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Nashua alderman files lawsuit against mayor, city over spending cap

Union Leader Correspondent

May 17. 2017 9:44PM


NASHUA — Alderman-at-Large Dan Moriarty is the second individual to file a civil lawsuit against the city, claiming it is violating spending cap limitations set forth by the city charter.

Moriarty filed the litigation against Mayor Jim Donchess and the city, claiming in court documents that “the mayor’s scheme to violate (the) charter” stems from an ordinance recently enacted that removes $9.1 million of the city’s wastewater costs from the general fund.

Earlier this year, aldermen voted 9-6 to approve an ordinance that transfers the $9.1 million of the city’s remaining wastewater costs out of the general fund; half of the funds were removed many years ago. The ordinance enables the wastewater system fund to be a separate and distinct fund that is not commingled with city tax revenues, therefore is no longer deemed part of the city’s general fund accumulated surplus.

“It is the only choice I had at this point. If it is a matter of opinion and I am outvoted, that I can accept, but this is black and white — they are not following the law,” Moriarty said on Wednesday.

Moriarty said he was reluctant to comment on the pending litigation, but said he has publicly voiced his concerns about the matter to fellow aldermen.

“I am a longtime fiscal conservative,” added Moriarty, a previous mayoral candidate.

In court records, he argues the mayor is “attempting to illegally increase the money available for him to spend, in violation of the letter and spirit of the spending cap limitation contained in the city’s charter.

“The mayor’s scheme would allow him to increase the 2018 budget by approximately $9.1 million above what the charter allows,” states Moriarty’s lawsuit. “These illegal expenditures would translate to higher taxes for Nashua taxpayers, including approximately $200 in additional taxes for (him) every year in perpetuity.”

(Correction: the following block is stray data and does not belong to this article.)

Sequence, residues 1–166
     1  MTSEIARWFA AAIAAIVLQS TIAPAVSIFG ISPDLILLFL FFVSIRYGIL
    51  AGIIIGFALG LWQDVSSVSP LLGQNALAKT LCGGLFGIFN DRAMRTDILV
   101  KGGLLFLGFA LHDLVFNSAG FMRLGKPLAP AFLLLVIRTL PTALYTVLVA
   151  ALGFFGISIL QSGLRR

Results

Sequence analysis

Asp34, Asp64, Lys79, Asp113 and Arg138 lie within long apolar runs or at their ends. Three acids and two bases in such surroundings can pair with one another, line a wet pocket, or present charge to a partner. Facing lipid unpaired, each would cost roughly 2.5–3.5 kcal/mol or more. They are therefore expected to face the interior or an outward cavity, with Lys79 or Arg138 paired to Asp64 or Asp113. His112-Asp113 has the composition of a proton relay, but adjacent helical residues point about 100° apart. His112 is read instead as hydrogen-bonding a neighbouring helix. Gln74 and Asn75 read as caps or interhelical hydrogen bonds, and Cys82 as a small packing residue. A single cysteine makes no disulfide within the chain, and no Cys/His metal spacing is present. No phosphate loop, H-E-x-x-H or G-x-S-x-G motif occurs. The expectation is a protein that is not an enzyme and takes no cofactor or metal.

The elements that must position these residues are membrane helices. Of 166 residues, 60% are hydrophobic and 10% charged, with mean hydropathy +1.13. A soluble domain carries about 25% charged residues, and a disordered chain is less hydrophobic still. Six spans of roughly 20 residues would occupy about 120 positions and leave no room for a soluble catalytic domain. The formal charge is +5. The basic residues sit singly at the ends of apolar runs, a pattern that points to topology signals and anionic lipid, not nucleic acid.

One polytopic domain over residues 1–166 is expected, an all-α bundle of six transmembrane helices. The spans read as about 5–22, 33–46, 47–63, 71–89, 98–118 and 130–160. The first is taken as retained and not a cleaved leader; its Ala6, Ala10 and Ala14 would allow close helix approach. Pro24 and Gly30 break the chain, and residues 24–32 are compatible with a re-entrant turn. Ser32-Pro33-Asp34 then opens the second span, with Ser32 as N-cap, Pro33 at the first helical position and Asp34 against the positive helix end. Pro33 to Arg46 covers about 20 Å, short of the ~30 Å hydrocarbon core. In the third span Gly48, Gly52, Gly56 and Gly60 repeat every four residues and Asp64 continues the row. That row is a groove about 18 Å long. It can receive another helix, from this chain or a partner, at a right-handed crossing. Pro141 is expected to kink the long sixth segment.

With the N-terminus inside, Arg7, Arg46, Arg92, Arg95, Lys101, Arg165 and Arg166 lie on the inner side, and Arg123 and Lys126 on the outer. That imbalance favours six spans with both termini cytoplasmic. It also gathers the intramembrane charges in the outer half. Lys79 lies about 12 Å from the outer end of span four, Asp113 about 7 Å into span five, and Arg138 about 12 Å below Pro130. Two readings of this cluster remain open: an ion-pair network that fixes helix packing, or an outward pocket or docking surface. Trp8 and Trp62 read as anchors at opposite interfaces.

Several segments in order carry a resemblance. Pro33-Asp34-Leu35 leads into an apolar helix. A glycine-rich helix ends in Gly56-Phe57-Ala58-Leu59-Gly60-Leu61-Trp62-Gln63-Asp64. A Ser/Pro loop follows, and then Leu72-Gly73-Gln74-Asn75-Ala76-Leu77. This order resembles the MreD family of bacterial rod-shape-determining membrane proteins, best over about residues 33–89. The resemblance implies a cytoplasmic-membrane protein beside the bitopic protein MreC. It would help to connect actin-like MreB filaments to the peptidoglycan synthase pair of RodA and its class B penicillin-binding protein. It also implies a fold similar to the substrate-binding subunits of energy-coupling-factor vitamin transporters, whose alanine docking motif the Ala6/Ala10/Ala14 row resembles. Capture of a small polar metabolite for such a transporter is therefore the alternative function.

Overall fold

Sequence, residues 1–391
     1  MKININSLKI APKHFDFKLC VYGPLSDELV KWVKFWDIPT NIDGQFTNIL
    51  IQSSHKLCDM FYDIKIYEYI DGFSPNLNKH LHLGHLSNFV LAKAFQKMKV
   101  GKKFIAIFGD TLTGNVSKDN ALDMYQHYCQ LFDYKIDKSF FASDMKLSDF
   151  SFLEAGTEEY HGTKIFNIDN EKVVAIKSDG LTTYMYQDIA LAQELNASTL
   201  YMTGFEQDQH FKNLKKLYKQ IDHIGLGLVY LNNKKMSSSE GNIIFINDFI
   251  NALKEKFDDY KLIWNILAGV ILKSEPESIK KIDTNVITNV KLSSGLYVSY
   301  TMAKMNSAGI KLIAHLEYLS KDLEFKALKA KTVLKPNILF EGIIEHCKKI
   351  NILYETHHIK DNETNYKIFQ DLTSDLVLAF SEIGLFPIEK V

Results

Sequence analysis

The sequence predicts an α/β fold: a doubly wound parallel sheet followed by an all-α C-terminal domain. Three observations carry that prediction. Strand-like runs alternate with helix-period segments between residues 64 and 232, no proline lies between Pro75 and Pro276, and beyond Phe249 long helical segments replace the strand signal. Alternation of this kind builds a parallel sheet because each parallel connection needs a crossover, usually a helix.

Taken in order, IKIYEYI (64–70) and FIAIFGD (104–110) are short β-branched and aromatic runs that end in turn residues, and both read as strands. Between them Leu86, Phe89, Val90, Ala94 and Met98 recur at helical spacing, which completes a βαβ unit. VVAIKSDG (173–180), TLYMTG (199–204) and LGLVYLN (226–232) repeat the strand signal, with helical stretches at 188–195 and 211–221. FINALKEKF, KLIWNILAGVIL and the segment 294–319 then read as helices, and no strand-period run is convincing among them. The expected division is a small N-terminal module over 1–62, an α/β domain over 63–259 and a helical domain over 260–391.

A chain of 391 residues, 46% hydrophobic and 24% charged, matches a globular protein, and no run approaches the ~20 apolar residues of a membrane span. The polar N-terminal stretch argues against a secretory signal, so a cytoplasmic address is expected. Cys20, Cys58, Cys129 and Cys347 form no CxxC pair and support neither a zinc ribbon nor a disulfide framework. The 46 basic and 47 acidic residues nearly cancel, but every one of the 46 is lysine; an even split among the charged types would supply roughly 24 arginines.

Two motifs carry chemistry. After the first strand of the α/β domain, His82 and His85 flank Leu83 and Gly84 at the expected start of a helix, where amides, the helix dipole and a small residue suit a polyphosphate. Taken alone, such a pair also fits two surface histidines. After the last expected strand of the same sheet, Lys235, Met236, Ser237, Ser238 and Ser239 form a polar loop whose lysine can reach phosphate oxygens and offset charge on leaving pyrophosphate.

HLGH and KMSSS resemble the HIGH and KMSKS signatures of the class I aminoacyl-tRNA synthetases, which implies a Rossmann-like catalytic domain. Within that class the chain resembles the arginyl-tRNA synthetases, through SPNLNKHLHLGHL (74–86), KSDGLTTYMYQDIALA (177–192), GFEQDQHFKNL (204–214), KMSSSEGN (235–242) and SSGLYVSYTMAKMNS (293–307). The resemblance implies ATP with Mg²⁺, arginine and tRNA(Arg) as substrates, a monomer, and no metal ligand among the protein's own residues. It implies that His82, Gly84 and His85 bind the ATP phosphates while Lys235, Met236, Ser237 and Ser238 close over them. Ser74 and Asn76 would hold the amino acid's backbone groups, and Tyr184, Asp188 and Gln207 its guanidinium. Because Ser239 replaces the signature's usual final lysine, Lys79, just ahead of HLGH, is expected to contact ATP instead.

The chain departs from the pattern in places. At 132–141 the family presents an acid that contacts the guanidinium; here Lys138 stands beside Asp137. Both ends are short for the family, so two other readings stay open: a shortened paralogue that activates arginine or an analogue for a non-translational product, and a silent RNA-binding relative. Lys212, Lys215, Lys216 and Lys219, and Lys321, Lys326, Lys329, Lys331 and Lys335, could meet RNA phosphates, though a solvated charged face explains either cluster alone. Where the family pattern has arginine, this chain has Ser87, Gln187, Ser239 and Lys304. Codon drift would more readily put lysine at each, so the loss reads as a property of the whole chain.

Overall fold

“This is highly unusual. We are supposed to be on the same team and we have a member of our management suing the city,” Donchess said on Wednesday. While Donchess said Moriarty’s action is legal, the mayor described it as inappropriate.

Donchess said he has heard feedback from other aldermen who believe the situation is “outrageous,” especially since Moriarty is asking for his legal fees to be covered by city taxpayers.

“We have submitted a budget that is in compliance with the spending cap,” stressed Donchess, adding Moriarty’s theory has no merit.

Moriarty’s legal action comes just weeks after Fred Teeboom, a former alderman, filed a nearly identical lawsuit against the city claiming the Board of Aldermen violated the city charter when it enacted the ordinance transferring wastewater funds, which Teeboom argues will permit the annual budget to exceed the spending cap without requiring at least 10 affirmative votes by aldermen.

Donchess explained that aldermen passed the ordinance 9-6, adding the city’s legal department has advised city officials that its action adheres to the city charter.

Mayor Jim Donchess said the wastewater system fund, or sewer fund, does not impact the tax rate, meaning the special revenue fund should not be included in the charter limitation on budget increases. He said it makes sense to remove the fund from the municipal budget because it is funded by user fees.

If Teeboom and Moriarty believe that the action taken by aldermen was inappropriate, Donchess said they should take up the issue during the election season rather than suing the city and seeking legal fees.

Moriarty is asking the court, through his attorney, Seth Hipple of Concord, to invalidate the ordinance, order the mayor to propose a new budget that complies with the spending cap and order the city to comply with the spending cap limitations in passing the 2018 budget.

A structuring hearing has been scheduled for Thursday in Moriarty’s case. In Teeboom’s case, a hearing is set to take place on Monday in Hillsborough County Superior Court.

In court documents, Steve Bolton, corporation counsel for the city, describes the allegations filed in Teeboom’s lawsuit as “extraneous,” adding city officials deny any wrongdoing and are asking the court to dismiss the litigation.

Both lawsuits, according to Donchess, would result in substantial cuts in city services if agreed by the court.

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